Vitamin K


Vitamin K is the anti-hemorrhagic vitamin required for the synthesis of the thirteen cofactors required for the normal coagulation of blood. It is also required for the production of proteins found in plasma, bone, and the kidneys.
Natural Vitamin K found in green plants is fat soluble and requires bile and pancreatic juice for absorption in the small intestine. Small amounts of Vitamin K can also be synthesized by various microflora in the small and large intestine.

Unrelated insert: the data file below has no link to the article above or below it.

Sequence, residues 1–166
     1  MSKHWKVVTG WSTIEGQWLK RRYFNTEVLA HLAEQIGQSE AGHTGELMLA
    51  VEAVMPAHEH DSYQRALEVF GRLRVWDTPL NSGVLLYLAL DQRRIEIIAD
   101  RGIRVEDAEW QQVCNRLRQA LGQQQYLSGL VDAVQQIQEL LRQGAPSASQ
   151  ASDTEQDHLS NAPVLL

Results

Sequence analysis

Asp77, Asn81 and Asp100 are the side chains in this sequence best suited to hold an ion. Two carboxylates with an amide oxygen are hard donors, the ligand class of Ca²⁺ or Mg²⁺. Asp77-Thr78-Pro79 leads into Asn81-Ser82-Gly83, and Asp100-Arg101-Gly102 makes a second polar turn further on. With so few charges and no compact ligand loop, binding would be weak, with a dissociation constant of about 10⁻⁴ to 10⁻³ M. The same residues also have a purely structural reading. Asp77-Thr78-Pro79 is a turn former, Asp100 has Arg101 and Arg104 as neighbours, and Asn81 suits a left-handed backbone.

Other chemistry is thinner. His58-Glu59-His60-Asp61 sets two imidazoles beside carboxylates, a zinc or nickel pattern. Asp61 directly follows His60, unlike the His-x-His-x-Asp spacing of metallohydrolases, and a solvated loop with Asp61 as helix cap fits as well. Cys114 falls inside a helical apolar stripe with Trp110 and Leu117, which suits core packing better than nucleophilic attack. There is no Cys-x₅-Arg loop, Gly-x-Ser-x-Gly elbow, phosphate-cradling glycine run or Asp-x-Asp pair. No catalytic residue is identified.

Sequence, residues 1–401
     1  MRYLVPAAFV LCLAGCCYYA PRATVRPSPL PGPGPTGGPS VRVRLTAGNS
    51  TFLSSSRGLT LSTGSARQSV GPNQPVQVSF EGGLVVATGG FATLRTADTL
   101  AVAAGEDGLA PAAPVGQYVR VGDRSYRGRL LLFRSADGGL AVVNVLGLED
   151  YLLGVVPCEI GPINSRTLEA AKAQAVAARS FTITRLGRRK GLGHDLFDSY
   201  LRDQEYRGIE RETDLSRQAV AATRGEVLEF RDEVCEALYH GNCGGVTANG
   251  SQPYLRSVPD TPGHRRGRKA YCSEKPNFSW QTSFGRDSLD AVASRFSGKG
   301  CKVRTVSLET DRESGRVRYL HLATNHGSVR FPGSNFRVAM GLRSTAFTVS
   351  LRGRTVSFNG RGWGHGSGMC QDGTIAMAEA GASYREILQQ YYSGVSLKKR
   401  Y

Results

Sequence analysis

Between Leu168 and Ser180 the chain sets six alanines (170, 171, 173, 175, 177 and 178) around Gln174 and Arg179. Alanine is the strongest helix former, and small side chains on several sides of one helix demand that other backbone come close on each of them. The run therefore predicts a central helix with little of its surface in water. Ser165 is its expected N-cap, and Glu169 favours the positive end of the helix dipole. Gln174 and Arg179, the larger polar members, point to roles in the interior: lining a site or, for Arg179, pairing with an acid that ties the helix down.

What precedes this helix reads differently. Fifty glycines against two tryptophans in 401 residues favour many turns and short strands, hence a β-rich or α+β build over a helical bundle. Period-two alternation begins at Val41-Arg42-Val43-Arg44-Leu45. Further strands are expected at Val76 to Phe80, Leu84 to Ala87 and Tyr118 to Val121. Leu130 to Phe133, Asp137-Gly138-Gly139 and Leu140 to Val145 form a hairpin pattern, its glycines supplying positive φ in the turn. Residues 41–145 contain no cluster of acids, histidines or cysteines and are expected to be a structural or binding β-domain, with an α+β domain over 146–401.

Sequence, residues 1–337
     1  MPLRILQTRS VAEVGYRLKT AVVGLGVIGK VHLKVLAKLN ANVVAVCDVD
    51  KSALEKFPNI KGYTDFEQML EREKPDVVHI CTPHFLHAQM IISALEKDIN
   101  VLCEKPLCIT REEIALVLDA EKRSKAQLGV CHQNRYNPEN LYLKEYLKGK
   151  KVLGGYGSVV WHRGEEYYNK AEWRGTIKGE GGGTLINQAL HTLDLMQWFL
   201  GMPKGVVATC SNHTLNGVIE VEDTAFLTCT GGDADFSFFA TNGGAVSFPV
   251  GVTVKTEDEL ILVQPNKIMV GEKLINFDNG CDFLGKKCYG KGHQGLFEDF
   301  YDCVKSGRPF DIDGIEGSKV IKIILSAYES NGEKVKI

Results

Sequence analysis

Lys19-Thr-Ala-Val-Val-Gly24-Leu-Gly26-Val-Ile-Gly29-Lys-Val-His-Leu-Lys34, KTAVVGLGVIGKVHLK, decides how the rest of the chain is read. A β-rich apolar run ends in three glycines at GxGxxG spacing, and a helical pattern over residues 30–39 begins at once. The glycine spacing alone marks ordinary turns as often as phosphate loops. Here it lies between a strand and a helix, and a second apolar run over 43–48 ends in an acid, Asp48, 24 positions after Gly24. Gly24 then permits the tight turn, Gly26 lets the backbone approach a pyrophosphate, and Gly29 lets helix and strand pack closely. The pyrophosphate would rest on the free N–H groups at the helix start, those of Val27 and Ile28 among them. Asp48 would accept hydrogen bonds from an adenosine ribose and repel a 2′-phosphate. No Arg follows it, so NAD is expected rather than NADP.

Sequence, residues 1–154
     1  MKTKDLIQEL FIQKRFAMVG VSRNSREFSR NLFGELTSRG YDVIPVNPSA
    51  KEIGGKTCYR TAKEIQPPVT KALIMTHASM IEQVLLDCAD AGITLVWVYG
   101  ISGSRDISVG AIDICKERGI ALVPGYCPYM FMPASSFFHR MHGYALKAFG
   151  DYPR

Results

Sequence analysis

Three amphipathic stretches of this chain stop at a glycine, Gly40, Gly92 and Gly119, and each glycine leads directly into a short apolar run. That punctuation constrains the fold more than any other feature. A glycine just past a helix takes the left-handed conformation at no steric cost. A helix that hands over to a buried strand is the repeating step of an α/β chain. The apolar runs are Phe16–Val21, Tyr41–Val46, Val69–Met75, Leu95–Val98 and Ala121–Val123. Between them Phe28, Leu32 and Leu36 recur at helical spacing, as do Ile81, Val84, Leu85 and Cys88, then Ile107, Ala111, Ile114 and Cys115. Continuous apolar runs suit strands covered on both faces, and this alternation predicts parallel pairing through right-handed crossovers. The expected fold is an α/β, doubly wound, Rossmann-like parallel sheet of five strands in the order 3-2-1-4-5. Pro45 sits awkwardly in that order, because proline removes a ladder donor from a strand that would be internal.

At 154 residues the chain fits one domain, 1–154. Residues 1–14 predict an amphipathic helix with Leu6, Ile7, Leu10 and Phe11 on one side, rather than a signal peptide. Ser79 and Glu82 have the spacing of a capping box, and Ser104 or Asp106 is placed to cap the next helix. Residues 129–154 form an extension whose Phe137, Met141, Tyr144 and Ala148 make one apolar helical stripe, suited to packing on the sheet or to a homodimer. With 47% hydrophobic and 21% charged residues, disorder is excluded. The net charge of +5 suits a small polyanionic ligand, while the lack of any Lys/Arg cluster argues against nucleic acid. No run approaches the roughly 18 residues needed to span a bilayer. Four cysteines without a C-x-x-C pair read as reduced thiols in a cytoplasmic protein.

Menadione is the synthetic version of Vitamin K. Menadione is water soluble and is converted to Vitamin K in the body. Vitamin K is usually stable during cooking but is not under sunlight
Functions of Vitamin K:
• Required for activity of carboxylases in hepatic synthesis of prothrombin
• May aid in inhibiting bone resorption substances such as prostaglandin E2 and interleukin-6
• May have some antioxidant activity. Vitamin K-hydroquinone is a potent reactive oxygen species scavenger capable of inhibiting lipid peroxidation
• Synthetic vitamin K (Menadione) has been shown to have anti-tumor activity
• Required for the synthesis of osteocalcin that promotes mineral deposition in bone

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